Need for Speed Undercover (PC)
Who on earth is this terrible game supposed to be for? The target audience certainly isn't gamers with next-generation systems whose frame of reference will be titles like Burnout Paradise, MotorStorm and the superlative Midnight Club: Los Angeles. They'll laugh at the lifeless streets, bad driving, dated multiplatform graphics and pathetic attempt at a storyline in Need for Speed Undercover. Maybe it's for fans of car culture who've never seen a videogame. Those are pretty much the only people who won't be dismayed at having shelled out money to buy this sorry excuse for a multiplatform driving game.
Ready for its close-up
Undercover's angle is shallow enough that this one should skip right across the water into the bargain bins on the way to oblivion. You play a nameless and literally faceless protagonist working on behalf of minor celebrity Maggie Q. Miss Q, along with a pair of high heels and a tight dress suit, plays a law enforcement agent filmed with multiple cameras from laughably tight angles. Here is Maggie Q's eyebrow, here is her ankle, here is the back of her head, here is -- My god, what is that? Oh, it's her elbow -- here is the swoop of her waist, and now here's a race for you to drive.
There are also various "actors" (i.e., attractive people who may or may not be talented, but you'd never know given the material they're working from) playing the criminals, the corrupt former cop, the love interest, the rival and so on. If only "The Fast and the Furious" had known what it was going to get us into. A car culture yarn with Vin Diesel and Paul Walker seemed harmless enough at the time. At least Midnight Club: Los Angeles, which is like Robert Altman in comparison to Need for Speed Undercover, doesn?t take itself seriously.
"Yeah, yeah," you're saying, "but how's the driving, Tom? This isn't a movie, you know." To which I reply, yes, I know it's not a movie and you know it's not a movie, but someone should clue in EA. Tripe like this and Command & Conquer: Red Alert 3 are doing more to set back the viability of live-action footage than the entire decade of horrible FMV games in the 90s. If you're going to write a story, hire actors, and shoot footage, rise to the occasion. Quit it with this stuff in which the camera is the perspective of the mute protagonist (which is particularly tricky when you're shooting from three or four different camera angles). It barely works in a videogame, and it certainly doesn't work with live-action cut scenes. Either get some material to go with the resources you're squandering -- actors, sets, a willing audience -- or don't bother trying.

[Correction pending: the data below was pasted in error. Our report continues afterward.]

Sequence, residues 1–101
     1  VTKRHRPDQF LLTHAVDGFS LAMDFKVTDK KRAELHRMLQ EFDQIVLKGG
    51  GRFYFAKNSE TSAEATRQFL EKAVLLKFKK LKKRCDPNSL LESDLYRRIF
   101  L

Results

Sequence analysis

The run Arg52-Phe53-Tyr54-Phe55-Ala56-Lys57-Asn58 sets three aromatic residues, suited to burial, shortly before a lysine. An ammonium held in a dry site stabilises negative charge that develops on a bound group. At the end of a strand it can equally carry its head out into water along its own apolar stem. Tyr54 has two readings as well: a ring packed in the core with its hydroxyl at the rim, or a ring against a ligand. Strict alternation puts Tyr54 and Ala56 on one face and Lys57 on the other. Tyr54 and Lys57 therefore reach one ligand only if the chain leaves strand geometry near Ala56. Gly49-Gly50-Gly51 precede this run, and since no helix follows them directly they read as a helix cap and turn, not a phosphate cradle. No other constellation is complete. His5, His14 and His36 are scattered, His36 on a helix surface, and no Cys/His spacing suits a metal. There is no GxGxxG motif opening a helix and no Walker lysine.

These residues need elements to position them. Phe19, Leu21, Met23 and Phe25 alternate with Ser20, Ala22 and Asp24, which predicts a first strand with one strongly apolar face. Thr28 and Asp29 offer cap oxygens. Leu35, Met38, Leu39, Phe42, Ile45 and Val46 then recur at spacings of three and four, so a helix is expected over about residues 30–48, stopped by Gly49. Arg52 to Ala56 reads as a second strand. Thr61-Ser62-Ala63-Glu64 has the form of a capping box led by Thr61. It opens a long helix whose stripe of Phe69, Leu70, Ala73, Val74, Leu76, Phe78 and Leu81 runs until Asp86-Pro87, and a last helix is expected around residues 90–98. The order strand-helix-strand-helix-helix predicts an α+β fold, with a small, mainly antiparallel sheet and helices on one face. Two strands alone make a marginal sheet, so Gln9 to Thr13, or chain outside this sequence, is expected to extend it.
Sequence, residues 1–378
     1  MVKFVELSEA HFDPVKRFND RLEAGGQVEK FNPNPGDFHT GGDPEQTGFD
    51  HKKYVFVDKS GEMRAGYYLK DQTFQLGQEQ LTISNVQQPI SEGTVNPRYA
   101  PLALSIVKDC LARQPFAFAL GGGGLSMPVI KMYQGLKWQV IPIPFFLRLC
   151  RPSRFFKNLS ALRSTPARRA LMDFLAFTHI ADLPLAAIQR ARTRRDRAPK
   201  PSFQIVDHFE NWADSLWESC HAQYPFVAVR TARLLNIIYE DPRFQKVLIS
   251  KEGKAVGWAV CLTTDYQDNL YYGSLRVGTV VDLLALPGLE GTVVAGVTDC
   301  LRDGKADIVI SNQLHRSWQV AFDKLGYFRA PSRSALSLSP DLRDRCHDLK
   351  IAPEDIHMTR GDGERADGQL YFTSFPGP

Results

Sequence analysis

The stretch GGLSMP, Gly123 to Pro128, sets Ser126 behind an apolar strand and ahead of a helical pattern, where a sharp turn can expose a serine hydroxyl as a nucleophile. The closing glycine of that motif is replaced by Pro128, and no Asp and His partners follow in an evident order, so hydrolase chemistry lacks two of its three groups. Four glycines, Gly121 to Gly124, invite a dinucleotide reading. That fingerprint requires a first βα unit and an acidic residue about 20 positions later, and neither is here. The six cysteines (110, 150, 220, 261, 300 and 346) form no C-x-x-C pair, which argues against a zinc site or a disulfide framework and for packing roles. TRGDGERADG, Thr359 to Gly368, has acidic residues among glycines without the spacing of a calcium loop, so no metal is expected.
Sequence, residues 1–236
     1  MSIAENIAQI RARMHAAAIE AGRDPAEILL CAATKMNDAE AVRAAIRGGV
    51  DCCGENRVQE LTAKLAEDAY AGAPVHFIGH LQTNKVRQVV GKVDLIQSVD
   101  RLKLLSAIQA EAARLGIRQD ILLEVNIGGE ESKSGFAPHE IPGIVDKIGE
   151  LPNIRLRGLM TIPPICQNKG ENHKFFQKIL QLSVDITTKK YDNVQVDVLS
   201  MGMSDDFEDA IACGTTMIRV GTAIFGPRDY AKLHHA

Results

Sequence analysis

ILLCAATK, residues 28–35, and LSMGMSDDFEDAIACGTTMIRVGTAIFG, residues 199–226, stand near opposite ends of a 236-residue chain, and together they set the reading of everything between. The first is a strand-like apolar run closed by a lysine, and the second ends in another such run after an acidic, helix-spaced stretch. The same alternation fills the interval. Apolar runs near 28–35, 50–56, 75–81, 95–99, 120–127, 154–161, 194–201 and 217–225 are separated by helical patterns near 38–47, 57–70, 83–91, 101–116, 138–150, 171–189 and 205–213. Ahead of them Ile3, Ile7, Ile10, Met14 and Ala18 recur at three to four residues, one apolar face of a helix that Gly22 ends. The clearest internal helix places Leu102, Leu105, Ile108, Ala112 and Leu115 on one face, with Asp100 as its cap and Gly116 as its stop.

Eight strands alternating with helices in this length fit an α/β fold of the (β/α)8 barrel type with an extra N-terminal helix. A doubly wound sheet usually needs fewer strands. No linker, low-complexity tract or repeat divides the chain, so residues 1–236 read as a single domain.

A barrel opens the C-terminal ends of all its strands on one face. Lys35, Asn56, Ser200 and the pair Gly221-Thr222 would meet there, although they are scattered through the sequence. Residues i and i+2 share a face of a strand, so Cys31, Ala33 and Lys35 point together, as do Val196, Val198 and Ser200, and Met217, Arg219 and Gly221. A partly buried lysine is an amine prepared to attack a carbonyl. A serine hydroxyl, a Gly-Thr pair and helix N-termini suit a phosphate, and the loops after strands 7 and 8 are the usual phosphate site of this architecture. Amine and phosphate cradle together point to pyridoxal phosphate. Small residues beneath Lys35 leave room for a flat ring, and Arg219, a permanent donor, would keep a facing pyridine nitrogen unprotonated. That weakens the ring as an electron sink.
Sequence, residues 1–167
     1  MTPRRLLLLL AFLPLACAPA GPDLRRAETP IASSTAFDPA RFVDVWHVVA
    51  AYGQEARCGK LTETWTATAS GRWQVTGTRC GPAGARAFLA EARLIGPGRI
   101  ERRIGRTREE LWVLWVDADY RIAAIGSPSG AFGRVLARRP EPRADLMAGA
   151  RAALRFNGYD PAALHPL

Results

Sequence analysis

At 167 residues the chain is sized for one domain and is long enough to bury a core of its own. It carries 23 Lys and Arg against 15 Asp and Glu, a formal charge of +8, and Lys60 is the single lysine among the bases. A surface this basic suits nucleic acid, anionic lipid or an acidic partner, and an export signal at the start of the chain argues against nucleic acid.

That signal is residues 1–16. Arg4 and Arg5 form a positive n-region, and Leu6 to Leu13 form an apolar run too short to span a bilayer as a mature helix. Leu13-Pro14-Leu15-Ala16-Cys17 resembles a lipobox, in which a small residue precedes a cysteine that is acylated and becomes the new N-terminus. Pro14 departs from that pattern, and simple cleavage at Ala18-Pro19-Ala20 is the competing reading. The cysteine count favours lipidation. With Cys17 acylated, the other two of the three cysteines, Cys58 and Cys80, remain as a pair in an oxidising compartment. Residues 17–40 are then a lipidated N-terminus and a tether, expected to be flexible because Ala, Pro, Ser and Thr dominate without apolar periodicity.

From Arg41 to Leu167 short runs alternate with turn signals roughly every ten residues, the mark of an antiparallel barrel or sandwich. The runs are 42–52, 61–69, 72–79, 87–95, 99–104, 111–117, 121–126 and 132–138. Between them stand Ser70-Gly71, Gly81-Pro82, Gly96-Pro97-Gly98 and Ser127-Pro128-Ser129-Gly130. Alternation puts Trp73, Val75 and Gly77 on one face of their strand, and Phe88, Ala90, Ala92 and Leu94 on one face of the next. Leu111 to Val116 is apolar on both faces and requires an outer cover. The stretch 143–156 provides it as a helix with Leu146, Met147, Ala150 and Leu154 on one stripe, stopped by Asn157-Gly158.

When the rubber hits the road
Okay, enough of that. You're here for the driving. Sadly, it isn't any better than the storytelling. Driving feels like it's on rails, scripted to go forward with no regard for any real-world dynamics that might get in the way. You get canned drifting, glancing blows instead of collisions, and no sense of weight. Most of the challenges are races of varying flavor, usually along unconvincing city streets. Circuit races travel along closed-off paths, sprints are more open affairs, and highway battles are challenges to navigate light traffic well enough to pull ahead of the competition. There are also police encounters that bring out the worst in Undercover, showcasing how poorly this world handles anything but moving forward unobstructed. Once suicidal police cars start trying to ram you, they might as well try to ram the game itself. The idea is that here, all the rules are suspended and road hell will be unleashed. But this game isn't in any state to unleash anything. It's too buttoned down by its own limits.